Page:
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Pediatric Corner: Cow’s Milk Allergy

Amy Long Carrera, MS, RD, CNSC, CWCMS
Registered Dietitian Nutritionist
10/09/13  11:00 PM PST
milk allergy

What Is Cow’s Milk Allergy?

Cow’s milk allergy is the most common food allergy in infants, and it involves an immune system response to proteins in cow’s milk. An allergic response usually occurs anywhere from a few minutes to a few hours after consuming milk. Symptoms include facial angioedema, nausea and vomiting, atopic eczema, blood in the stool and respiratory problems. Diagnosis is difficult and often must include more than one method, including skin prick or atopic patch testing, measuring serum specific IgE and oral food challenge.

In the case of a true cow’s milk allergy, the only way to prevent symptoms is to avoid all cow’s milk protein ingredients. Care must be taken, however, to provide a nutritionally adequate diet once these foods are removed. An amino acid-based formula, such as Neocate® Infant DHA/ARA is indicated in infants with severe symptoms, failure to thrive, high risk of anaphylaxis, multiple food allergies or if symptoms persist despite milk protein avoidance. Many children outgrow cow’s milk allergy by age three.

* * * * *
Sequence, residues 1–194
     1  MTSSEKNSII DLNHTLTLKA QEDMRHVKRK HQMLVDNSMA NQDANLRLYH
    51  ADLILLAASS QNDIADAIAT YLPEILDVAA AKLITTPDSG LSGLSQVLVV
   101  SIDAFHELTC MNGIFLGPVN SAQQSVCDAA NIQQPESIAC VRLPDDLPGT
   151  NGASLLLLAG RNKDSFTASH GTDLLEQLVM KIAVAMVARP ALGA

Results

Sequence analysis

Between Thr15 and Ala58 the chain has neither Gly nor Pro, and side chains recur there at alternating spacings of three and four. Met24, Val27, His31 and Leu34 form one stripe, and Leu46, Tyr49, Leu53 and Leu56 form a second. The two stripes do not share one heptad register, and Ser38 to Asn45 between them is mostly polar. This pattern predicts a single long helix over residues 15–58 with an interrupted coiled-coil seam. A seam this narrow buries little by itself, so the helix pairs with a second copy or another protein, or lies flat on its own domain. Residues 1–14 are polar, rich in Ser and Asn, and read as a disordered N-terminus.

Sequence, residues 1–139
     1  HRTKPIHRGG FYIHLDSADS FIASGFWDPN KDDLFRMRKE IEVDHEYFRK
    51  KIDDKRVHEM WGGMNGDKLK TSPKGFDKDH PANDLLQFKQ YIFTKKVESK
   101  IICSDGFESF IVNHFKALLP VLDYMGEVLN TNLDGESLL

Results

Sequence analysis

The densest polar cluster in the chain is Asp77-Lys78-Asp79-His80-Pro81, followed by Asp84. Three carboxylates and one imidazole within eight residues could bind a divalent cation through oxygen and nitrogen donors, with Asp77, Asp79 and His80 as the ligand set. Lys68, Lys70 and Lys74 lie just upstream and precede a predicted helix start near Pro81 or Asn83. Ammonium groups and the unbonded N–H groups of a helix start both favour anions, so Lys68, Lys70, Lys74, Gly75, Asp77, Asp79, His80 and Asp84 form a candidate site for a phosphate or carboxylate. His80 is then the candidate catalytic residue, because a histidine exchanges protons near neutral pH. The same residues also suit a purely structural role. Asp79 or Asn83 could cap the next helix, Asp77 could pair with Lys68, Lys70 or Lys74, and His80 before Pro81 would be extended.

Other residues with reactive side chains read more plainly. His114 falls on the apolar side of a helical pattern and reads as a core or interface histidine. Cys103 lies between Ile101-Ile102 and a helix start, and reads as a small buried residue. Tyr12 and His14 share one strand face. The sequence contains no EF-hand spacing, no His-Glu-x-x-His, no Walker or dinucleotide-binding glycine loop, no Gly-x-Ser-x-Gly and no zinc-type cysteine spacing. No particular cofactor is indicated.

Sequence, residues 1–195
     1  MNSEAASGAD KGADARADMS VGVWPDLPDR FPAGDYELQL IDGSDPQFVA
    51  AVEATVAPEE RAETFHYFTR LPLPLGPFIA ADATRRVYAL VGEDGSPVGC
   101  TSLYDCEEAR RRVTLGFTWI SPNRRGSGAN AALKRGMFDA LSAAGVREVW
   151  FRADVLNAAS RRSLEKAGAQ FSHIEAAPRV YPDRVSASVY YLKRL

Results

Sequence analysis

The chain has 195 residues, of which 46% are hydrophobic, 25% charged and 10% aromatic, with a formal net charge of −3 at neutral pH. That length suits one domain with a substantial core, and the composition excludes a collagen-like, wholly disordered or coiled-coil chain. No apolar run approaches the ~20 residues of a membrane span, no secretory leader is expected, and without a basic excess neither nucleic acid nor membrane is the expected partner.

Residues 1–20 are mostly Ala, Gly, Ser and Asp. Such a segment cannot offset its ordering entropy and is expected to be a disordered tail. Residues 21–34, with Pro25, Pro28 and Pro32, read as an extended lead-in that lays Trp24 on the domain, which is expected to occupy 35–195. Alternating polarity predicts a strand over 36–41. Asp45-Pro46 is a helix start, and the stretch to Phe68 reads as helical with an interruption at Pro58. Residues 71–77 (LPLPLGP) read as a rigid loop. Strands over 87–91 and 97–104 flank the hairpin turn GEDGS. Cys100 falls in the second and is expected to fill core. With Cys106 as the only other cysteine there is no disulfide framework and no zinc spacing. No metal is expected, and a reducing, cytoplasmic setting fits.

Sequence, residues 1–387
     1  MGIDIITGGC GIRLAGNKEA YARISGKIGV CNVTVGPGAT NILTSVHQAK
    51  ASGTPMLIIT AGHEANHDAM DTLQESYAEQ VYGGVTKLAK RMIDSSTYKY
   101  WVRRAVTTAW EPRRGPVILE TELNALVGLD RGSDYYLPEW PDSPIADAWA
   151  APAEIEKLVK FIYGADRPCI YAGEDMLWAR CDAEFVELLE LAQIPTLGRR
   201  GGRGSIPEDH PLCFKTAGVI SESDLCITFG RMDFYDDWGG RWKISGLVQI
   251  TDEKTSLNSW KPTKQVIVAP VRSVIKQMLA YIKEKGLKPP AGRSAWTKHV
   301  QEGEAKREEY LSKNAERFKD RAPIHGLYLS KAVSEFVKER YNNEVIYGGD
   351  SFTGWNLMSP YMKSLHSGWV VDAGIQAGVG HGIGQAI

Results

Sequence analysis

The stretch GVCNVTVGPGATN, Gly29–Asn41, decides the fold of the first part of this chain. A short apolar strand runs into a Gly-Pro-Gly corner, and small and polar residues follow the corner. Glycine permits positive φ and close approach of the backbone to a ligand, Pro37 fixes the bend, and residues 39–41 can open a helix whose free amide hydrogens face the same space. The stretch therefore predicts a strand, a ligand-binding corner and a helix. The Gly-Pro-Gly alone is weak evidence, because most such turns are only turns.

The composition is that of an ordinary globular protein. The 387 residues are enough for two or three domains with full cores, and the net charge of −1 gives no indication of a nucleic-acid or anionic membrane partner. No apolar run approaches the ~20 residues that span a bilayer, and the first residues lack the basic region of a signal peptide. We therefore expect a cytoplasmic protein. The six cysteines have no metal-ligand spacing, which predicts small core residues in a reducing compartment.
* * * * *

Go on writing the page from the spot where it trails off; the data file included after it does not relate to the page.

For more information, see related pediatric articles and resources here:

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